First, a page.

'Off Hours' Limit Access to AEDs in Cardiac Arrest

September 18, 2013

GENTOFTE, DENMARK — Despite widespread placement of automated external defibrillators (AEDs) in one European city, more than half of all cardiac arrests occurred during hours when access to the lifesaving devices is not possible, according to the results of a new study[1].

In Denmark, Copenhagen, nearly every individual who collapsed from cardiac arrest during working weekday hours did so in a location that was within 100 m of a publicly accessible AED, whereas just 53.4% of cardiac arrests that occurred within proximity to an AED in the evening, at night, or on the weekend were "covered" by the devices. The cardiac arrests during these "off hours" occurred in proximity to AEDs located in banks, offices, and private medical/dental practices where there is no accessibility to the life-saving devices in the evening, at night, or on weekends.

"These findings underline that not only strategic placement but also uninterrupted AED accessibility warrants attention if public-access defibrillation is to improve survival after out-of-hospital cardiac arrest," conclude lead investigator Dr Carolina Malta Hansen (University of Copenhagen, Denmark) and colleagues.

The results of the study are published online September 13, 2013 in Circulation.

One AED Every 10 Square Miles

Copenhagen is a city of approximately 600 000 people and covers an area of 97 sq km (60 sq mi). There are 5.7 AEDs per sq km (9.2 per sq mi) in the city. Since 1997, all AEDs available for public access have been registered with the Danish AED network. From the network, information about the AED location, type of establishment, and exact days and hours of accessibility is available to emergency dispatch centers. Of the 552 AEDs registered in the area, 49.8% are placed in government or municipal buildings and just 9.1% of the AEDs are available 24 hours per day, seven days per week.

From 1994 to 2011, there were 1864 cardiac arrests in public locations. Of these cardiac arrests, 62% occurred on weekends, in the evening, or during the night.

Regardless of the accessibility of AEDs, nearly 30% of all cardiac arrests occurred within 100 m of a public defibrillator. Similarly, 30.5% of cardiac arrests during workday hours occurred within 100 m of an AED, as did 27.8% of all cardiac arrests occurring in the evening, during the night, and on weekends. "Thus, assuming all AEDs were accessible 24 hours per day, seven days a week, nearly 30% of all cardiac arrests in public locations could be reached by an AED within a few minutes on weekdays and weekends," report the investigators.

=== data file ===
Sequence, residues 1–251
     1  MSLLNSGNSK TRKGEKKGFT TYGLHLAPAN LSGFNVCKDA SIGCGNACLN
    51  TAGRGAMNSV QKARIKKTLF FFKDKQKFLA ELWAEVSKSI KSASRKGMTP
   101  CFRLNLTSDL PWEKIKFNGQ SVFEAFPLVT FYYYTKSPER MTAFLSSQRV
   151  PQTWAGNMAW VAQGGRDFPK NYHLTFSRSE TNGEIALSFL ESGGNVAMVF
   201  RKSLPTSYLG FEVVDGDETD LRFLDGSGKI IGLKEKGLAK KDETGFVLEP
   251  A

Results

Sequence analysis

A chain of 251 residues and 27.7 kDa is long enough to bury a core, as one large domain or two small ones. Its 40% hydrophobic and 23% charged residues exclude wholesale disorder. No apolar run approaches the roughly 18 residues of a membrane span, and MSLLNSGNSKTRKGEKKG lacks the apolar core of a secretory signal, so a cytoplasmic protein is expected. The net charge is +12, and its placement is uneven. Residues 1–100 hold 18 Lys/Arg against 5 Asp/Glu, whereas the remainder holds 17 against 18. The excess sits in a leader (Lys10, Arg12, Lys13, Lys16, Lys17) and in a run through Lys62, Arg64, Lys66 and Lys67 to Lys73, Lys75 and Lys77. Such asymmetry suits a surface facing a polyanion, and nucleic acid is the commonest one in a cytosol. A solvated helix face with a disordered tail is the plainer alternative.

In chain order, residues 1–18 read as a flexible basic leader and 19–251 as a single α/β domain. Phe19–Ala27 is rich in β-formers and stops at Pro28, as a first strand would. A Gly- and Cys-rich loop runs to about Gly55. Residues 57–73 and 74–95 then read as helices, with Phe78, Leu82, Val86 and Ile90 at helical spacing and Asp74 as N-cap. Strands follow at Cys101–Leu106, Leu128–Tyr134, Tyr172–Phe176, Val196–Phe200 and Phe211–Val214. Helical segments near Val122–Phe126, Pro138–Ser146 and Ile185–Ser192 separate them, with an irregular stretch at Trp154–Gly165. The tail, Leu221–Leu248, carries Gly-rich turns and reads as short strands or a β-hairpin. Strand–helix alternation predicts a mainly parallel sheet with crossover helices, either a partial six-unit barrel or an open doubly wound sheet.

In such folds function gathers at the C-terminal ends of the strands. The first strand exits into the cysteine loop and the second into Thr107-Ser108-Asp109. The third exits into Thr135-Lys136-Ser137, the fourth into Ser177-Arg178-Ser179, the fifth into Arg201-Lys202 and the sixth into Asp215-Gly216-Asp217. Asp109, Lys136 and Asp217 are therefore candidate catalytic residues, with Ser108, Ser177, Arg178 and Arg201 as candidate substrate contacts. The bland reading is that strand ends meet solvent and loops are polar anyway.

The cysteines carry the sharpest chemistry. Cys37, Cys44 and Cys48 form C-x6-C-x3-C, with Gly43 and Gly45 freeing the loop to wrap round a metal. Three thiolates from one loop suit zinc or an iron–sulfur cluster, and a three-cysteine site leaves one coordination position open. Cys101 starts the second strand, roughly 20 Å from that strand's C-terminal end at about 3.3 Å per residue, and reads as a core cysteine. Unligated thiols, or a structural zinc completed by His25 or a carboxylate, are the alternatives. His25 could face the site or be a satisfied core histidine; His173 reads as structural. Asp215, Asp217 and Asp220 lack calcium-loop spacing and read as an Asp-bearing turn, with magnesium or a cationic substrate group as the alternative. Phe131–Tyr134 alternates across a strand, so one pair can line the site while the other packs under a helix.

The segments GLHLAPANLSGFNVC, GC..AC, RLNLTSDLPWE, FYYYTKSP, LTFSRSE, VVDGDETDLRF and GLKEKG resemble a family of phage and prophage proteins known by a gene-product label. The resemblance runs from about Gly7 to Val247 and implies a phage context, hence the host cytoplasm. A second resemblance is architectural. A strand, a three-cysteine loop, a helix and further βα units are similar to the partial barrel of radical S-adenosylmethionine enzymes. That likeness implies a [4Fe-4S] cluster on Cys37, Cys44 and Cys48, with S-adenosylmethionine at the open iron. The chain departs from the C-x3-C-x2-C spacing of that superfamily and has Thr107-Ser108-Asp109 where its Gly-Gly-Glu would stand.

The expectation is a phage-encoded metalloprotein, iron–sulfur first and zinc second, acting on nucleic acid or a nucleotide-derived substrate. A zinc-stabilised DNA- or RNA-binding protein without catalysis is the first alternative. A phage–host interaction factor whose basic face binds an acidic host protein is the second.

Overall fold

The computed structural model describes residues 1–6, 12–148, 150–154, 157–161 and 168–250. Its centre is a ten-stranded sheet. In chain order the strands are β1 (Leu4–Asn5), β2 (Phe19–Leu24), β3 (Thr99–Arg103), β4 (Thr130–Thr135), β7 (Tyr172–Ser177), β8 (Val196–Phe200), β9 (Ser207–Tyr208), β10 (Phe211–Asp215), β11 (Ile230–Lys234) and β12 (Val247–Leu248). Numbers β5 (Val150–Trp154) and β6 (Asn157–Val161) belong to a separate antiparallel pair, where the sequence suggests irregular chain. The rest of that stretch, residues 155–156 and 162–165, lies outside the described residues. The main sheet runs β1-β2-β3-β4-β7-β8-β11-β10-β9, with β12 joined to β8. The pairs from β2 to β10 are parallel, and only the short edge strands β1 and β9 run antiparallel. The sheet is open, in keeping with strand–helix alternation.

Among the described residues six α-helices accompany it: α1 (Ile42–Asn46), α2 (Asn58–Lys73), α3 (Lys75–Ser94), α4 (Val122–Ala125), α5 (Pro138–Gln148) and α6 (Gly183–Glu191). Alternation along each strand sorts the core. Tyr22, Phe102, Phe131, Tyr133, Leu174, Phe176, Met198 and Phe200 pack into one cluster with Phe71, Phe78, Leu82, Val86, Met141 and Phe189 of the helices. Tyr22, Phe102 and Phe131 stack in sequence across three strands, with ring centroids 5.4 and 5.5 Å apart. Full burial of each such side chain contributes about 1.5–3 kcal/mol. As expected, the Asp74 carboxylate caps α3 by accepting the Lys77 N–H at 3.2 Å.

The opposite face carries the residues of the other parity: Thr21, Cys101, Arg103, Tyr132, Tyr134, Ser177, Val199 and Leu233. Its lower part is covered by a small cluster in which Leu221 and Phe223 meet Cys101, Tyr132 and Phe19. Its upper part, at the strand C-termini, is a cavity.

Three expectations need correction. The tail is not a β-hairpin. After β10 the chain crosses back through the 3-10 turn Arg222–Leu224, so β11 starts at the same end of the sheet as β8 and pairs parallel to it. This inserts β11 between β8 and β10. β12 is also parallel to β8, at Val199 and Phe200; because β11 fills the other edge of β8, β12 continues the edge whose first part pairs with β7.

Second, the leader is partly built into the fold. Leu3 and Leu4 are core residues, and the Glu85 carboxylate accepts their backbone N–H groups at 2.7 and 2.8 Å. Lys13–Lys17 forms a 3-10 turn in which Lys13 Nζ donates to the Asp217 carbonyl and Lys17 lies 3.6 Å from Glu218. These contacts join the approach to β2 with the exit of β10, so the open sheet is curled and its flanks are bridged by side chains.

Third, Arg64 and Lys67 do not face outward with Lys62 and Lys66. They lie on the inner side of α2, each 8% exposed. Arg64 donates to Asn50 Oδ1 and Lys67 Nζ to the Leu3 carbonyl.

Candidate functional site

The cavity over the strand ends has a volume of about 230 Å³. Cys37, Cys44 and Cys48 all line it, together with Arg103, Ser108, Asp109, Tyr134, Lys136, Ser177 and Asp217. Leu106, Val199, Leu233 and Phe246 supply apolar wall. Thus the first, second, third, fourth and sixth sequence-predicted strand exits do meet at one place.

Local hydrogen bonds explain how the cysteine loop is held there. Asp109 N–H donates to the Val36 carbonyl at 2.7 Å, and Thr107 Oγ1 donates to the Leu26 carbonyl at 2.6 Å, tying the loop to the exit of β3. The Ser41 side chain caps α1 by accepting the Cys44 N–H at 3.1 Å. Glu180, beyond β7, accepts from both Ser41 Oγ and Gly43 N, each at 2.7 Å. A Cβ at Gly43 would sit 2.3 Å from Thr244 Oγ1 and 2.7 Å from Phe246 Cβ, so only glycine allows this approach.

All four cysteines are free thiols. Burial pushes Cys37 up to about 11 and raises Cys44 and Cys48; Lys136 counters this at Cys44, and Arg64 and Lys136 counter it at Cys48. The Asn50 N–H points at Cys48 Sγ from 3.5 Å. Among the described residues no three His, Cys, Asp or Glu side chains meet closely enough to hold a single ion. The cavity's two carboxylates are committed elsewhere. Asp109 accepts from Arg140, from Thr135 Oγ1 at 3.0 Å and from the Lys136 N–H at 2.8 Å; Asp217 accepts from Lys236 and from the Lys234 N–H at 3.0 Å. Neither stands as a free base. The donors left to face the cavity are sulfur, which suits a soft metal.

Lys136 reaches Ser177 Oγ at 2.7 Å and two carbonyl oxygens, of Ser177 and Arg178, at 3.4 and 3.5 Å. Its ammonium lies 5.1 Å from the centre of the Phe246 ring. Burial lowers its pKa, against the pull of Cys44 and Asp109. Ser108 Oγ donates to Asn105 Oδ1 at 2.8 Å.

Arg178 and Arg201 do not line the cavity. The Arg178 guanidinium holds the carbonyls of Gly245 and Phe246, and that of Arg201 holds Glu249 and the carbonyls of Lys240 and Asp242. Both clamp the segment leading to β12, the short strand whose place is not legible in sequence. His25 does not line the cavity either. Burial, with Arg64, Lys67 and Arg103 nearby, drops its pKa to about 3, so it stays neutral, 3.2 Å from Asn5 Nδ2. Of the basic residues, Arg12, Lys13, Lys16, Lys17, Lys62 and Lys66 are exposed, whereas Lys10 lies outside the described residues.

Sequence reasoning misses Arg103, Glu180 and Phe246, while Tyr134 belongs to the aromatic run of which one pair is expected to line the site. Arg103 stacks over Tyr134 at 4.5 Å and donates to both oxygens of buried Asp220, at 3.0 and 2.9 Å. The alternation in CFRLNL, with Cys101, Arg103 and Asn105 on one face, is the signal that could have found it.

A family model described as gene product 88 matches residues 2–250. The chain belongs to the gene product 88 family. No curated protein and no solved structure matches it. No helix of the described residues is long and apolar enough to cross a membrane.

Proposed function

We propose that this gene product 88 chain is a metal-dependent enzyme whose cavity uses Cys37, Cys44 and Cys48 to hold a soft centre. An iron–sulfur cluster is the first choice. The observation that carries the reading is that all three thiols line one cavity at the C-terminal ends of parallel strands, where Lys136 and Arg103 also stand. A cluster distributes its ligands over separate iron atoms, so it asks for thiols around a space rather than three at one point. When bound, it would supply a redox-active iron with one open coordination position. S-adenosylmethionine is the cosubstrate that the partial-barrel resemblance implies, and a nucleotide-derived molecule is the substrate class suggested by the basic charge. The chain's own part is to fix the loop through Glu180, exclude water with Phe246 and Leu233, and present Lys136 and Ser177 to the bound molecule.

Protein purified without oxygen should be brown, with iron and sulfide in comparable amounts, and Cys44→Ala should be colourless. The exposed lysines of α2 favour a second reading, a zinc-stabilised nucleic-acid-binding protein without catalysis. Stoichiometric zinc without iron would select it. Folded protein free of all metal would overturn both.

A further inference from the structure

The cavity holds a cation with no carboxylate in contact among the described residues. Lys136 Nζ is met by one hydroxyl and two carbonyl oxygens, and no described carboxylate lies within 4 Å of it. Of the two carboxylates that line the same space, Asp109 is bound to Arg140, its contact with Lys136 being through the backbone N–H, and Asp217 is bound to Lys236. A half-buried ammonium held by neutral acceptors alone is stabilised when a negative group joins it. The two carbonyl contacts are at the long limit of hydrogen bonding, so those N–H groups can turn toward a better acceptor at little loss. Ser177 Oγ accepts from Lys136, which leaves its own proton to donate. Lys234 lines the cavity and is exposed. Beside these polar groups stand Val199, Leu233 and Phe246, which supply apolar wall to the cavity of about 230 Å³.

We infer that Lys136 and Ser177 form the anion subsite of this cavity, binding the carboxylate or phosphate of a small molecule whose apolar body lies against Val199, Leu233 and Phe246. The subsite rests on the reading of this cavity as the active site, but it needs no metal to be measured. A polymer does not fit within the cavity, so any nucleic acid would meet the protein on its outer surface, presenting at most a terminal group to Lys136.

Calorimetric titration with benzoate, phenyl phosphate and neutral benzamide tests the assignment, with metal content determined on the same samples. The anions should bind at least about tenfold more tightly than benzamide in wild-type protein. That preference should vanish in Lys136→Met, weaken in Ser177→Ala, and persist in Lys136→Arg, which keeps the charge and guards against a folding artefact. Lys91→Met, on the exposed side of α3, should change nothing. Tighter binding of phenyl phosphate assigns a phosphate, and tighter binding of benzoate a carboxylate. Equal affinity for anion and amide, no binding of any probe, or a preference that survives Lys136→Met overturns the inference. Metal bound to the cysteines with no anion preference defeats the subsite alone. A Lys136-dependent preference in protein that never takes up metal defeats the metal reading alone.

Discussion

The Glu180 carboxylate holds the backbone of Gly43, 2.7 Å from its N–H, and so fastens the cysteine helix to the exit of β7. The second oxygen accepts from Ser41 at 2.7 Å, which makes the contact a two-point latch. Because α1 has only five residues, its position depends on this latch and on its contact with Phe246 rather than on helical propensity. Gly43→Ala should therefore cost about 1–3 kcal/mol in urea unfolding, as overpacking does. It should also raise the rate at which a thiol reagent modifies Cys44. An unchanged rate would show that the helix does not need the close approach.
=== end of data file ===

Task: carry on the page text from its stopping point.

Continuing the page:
However, of the 537 cardiac arrests that occurred within 100 m of an AED, there was no access to the device in 180 cases. During workday hours, the limited accessibility to the AEDs decreased coverage of the cardiac arrests by 4.1%. During the evening, nighttime, and weekend hours, limited accessibility to the devices reduced coverage of the cardiac arrests by 53.4%.

National Preparedness

Commenting on the results of the study for heartwire , Dr Benjamin Abella (University of Pennsylvania, Philadelphia), a spokesperson for the American Heart Association, said the issue of access to AEDs remains a challenge, although it is just one of many when it comes to cardiac arrest and sudden cardiac death.

"Many areas in the US are not well covered," said Abella. "There are many public buildings, an area of common use, that don't have AEDs. Another major challenge in the US is that we don't have a good system for registering AEDs and finding out where they are located. In Denmark, they have a system in place where they know where all the AEDs are, which helps their research, but which is also tremendously helpful clinically. We have multiple challenges to a good AED program, and this shows how complex the problem really is."

He said that cardiac arrest is a daunting problem because it occurs "anytime, anywhere, with little warning, and it has a high mortality rate." The US health community, he added, is only coming to terms with how challenging care for cardiac arrest can be. He stressed, however, that cardiac arrest occurs frequently in the home, so one of the best policies for national preparedness is to get people to learn cardiopulmonary resuscitation (CPR).

"In the US, it's the private residence issue that looms large," said Abella. "If somebody has a cardiac arrest at home, which is where the majority of events take place, if nobody in the house knows CPR, the only thing to do is wait for an ambulance, which can take precious minutes. One of the important things to keep in mind is that AEDs are not going to be a perfect solution and they're not going to save everyone, so [it's important] for the public to learn CPR. CPR should be the immediate response to a cardiac-arrest event--anywhere and anytime it occurs. If an AED is available, that's important, but we can't rely on it."

The authors and Abella have no conflicts of interest.


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